Norwegian superstar cyclist Thor Hushovd wowed the crowds again when he won the 16th stage of the prestigious Tour de France on Tuesday. Hushovd finished just ahead of fellow Norwegian Edvald Boasson Hagen, making it another great day for Norwegian fans.
Norwegian Broadcasting (NRK) reported that Hushovd and Boasson Hagen followed each other closely throughout the difficult 162.5-kilometer-long stage from Saint-Paul-Trois-Chateaux to Gap with altitude variations of around 700 meters. The winner was decided during an all-Norwegian sprint at the end, which spurred congratulations from Prime Minister Jens Stoltenberg.
“I’m really glad about this victory,” Hushovd told Norway’s TV2. “I thought a lot along the the way that it was special to sit and cycle like that against Edvald. He was on the offensive and strong, and then I was a bit stronger in the sprint.”
Hushovd told NRK the race was “great … I have never seen so many Norwegians along the route. It was really emotional.”
The only two men from Norway in the race thus continued to make their marks in the Tour de France – NRK crowed that they’re in the process of taking over the race. In addition to also winning a stage on Friday, the 33-year-old Hushovd won the right to wear the yellow jersey for seven days, starting back on the 4th of July, for having the fastest overall time. Boasson Hagen won this year’s longest stage earlier in the race around France.
“I really don’t know what’s happening here,” Hushovd said. “It’s unreal. We are the only two Norwegians here, and then we’re competing against each other for the victory. It’s incredible.”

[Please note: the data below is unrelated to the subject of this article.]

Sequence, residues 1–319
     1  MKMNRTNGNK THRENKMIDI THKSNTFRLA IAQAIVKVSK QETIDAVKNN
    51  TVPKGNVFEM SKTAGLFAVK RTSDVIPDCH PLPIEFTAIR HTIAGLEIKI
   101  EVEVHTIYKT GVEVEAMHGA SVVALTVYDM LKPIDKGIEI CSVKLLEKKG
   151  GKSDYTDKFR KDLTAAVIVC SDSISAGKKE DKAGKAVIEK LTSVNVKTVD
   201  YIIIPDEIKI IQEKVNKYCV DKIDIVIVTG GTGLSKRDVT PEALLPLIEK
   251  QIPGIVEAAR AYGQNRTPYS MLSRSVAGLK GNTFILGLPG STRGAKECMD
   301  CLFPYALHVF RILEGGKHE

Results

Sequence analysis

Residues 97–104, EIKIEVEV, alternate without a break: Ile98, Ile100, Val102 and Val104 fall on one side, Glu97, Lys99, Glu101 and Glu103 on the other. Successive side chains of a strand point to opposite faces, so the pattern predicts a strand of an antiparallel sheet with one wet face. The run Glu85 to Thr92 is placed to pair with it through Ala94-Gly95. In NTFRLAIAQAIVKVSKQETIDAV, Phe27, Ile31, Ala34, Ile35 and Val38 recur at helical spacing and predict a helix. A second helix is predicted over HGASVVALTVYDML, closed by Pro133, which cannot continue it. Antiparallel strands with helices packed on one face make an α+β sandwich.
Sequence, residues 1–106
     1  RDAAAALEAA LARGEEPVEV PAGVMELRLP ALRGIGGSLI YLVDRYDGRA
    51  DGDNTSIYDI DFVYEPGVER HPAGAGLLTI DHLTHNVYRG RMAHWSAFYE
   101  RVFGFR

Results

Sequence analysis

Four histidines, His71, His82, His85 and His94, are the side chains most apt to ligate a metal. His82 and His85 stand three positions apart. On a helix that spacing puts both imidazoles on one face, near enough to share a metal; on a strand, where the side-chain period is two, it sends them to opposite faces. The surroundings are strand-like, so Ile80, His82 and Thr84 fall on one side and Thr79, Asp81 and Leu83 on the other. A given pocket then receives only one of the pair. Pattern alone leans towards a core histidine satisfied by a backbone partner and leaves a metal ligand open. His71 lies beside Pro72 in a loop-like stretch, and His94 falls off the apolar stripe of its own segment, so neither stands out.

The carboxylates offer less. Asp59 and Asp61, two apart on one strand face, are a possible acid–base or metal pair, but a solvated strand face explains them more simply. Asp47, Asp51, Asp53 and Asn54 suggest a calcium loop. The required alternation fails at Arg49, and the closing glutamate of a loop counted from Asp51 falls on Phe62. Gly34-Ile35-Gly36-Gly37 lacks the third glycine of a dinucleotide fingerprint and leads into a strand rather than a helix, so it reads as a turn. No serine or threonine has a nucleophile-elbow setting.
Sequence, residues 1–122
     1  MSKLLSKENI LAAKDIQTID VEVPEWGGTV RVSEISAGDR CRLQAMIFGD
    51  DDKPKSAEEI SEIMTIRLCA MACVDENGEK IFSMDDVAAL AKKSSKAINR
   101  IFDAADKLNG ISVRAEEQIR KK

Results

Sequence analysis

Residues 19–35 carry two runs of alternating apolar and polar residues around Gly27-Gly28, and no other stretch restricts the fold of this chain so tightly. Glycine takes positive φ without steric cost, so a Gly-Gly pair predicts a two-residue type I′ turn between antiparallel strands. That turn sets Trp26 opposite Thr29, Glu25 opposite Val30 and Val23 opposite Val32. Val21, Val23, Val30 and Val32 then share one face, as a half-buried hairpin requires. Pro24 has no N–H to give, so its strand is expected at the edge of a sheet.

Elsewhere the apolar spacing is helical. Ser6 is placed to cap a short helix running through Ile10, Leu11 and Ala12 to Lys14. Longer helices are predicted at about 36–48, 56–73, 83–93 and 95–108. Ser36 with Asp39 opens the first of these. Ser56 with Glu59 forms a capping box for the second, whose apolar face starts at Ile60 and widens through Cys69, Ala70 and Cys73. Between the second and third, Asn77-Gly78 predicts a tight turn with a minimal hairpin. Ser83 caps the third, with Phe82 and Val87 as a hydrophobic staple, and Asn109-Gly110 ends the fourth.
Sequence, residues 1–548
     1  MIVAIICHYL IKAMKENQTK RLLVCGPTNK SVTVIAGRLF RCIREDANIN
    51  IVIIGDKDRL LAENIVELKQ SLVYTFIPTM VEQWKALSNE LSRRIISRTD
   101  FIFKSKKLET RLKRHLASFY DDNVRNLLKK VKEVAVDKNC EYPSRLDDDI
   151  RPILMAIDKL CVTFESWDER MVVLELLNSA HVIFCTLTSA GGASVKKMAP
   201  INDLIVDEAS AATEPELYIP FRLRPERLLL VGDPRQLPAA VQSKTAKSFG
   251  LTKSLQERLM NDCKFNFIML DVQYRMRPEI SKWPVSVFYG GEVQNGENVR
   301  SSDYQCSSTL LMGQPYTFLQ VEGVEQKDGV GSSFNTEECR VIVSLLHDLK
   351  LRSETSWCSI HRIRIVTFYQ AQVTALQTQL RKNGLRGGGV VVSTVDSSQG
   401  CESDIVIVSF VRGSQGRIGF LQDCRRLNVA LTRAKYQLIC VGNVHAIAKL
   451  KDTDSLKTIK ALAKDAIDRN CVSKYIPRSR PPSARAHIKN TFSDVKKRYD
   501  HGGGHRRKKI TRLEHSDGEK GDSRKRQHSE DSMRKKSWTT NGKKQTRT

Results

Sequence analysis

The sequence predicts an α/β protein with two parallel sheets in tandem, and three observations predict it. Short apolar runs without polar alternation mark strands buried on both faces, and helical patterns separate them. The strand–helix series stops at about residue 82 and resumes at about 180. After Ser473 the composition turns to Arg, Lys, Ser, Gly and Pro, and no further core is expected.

As if that wasn’t enough, the two Norwegians’ closest rival on Tuesday was Ryder Hesjedal of Canada, who has Norwegian roots and also rides for Team Garmin-Cervelo.
Hushovd’s latest victory marks the 13th for Norway in the history of the Tour de France. Newspaper Aftenposten reported earlier on Tuesday that offers are pouring in for Hushovd should he want to switch teams. It won’t hinge on money, though, because Hushovd had made it clear he looks for athletic ambition and a good reputation when choosing a team. The world champion wants a team that will help him win one or preferably several classic races plus stages in the world’s largest, wrote Aftenposten. He may stay with Garmin Cervelo, while other possibilities reportedly are Europcar and Vacansoleil-DCM.
Boasson Hagen, meanwhile, was also delighted with what NRK called Tuesday’s “double Norwegian” victory. “It’s just great for Norway to manage this,” he told TV2. “And it’s fun that there are so many Norwegians here to cheer us on.”
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